Po1235 Is There Evidence For The Use Of Vitamin D In The Treatment Of Low Back Pain?

Conference: 
Author(s): 
Cátia Cerqueira1 e Sandra Serrão2
1USF Cova da Piedade; 2USF da Sobreda
Text: 
Introduction: Low back pain is one of the main complaints registered by general practitioners, reaching about two-thirds of all adults, at some point in their life. It frequently causes a diminished quality of life on the patients, and often results in the prescription of both non-steroid anti-inflammatory drugs and additional diagnostic exams. This has created a demand for safer treatments with fewer side effects. It is well known that low back pain is a clinical manifestation of vitamin D deficiency. In this context, supplementation with vitamin D appears as a promising therapeutic, being supported by several studies that have found an association between low back pain and deficiency in vitamin D in the adult population.
Objective: Determine whether there is evidence to support the claim that vitamin D supplementation improves the pain symptoms in adult patients with low back pain.
Materials and Methods: We have searched for recent papers on this subject in the following databases: National Guideline Clearinghouse, Tripdatabase, Cochrane, PubMed and Index of Portuguese Medical Journals. We selected the papers published in the last decade, written in English, Portuguese or Spanish, and indexed with MeSH the terms “vitamin D” and “low back pain”. We included papers where the outcome was an improvement in the pain symptoms in adult patients with low back pain. These papers were classified based on the Strength-of- Recommendation Taxonomy (SORT).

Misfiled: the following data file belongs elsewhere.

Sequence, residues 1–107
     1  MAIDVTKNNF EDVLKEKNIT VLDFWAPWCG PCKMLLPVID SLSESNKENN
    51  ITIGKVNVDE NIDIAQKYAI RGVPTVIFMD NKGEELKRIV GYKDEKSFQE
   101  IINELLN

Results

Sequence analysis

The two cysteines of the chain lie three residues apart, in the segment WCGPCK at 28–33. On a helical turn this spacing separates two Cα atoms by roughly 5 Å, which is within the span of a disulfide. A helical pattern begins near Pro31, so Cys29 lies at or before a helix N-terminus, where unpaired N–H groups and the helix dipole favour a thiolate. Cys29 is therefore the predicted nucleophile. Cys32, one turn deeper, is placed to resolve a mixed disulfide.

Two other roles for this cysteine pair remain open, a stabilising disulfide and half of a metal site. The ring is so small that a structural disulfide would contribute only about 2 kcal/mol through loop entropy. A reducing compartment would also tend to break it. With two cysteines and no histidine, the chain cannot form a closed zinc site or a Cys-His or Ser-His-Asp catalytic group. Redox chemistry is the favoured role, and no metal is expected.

Results: After applying the inclusion and exclusion criteria, we have found 18 papers and selected among them 2 systematic reviews. These reviews reported on 15 other studies, including several randomized, double-blind clinical trials. Several inconsistencies were detected both in the design of these studies and in their outcomes, as pointed by the authors of the reviews. The two reviews acknowledge a lack of enough evidence to support the supplementation with vitamin D in the treatment of low back pain (SORT C).
Conclusion: As conclusion, this work shows that there is still a lack of scientific evidence to support the recommendation of vitamin D intake for the treatment of chronic low back pain. The heterogeneity present in some studies and the inconsistencies found in some of the results seems to severely impact this conclusion, which, therefore, reveals that there is a need for more research and more scientific soundness in this area.
Literature: 
PO1235 IS THERE EVIDENCE FOR THE USE OF VITAMIN D IN THE TREATMENT OF LOW BACK PAIN?
Keywords: 
Low Back Pain; Vitamin D